Friday, August 1, 2014

The GOODLAD Agenda


One early morning, 1 a.m., 1981, while scrounging around in the National Institute of Education (NIE), the international center for educational restructuring, I, Charlotte the "mole," while looking for a typewriter ribbon in a supply room, ran across a box entitled "The Goodlad Study." (See #3 below)  Having followed John Goodlad, the No. 1 Change Agent for many years, having had many nightmares (when serving as a school board member ) regarding his destructive activities related to public education, I couldn't believe what I had found!!!

I had found the mother lode related to the destruction of our children's academic education and morals and values! This project had as its product four books, listed below. I contacted parents' groups nationwide with the information and we disseminated as much of it as possible. I am only divulging all this information now since Goodlad's project is being implemented as I write. (I guess I had hoped that all of us researchers/activists might have been able to stop the destructive freight train before it arrived at the station.) 

We had not anticipated the so-called conservatives and corporations becoming wealthy passengers on  that freight train. Double trouble, so to speak, and virtually impossible to stop.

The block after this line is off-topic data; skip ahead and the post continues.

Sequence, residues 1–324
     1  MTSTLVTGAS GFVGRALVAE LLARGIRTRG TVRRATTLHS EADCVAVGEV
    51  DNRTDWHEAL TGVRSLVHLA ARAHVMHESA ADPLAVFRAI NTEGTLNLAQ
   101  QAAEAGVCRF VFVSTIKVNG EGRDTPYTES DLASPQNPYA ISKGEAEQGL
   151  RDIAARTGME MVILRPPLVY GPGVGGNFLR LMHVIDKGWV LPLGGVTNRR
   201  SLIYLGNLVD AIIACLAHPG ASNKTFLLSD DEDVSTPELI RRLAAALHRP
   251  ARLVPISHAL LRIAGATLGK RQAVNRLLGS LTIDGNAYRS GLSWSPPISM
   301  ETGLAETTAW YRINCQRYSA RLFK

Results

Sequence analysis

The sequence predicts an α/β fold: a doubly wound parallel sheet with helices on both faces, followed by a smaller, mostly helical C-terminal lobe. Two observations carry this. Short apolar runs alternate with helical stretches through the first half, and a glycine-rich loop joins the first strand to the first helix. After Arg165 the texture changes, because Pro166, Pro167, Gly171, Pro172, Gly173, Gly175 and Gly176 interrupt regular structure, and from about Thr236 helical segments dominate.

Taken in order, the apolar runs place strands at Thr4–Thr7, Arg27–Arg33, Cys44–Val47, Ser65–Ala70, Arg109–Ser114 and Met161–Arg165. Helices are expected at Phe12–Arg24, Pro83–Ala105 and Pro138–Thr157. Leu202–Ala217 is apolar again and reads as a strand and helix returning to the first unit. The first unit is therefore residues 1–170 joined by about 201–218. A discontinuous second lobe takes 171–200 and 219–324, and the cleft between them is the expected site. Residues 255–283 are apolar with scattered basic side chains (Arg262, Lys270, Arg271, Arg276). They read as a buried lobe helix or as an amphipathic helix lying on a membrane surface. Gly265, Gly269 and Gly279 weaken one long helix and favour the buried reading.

Who is on that freight train? Change Agents! This is especially interesting information, regarding the "Commie" nest coming out of Harvard, Brown University, Cambridge, and Chicago, which includes the works of Donald Davies; the late Theodore Sizer with his Coalition of Essential Schools (small schools philosophy which is charter schools); Tony Wagner of the Change Leadership Group, close to Davies, who is pushing the communist Finnish model of education on the USA; the Annenberg Foundation; Bill Ayers, Weatherman bomber; and Bill's brother, John Ayers, ex-VP of the Carnegie Foundation for the Advancement of Teaching,  presently heading up the school choice/charter school and lifelong community education (pilot for the nation and international) agenda out of Tulane University in New Orleans.

Here are some important quotes out of the mouth of John Goodlad who I do believe is the world's major education Change Agent who has busy destroying every vestige of academic education and traditional values for over at least fifty years, with the help of many others who remain nameless as far as the average American is concerned.

The following excerpts come out of my book the deliberate dumbing down of america, and have been adapted, emphasized and reformatted for blog posting:

(1) Professor John Goodlad, the nation’s premiere Change Agent who has been receiving federal and tax-exempt foundation grants for at least thirty years, said in 1969: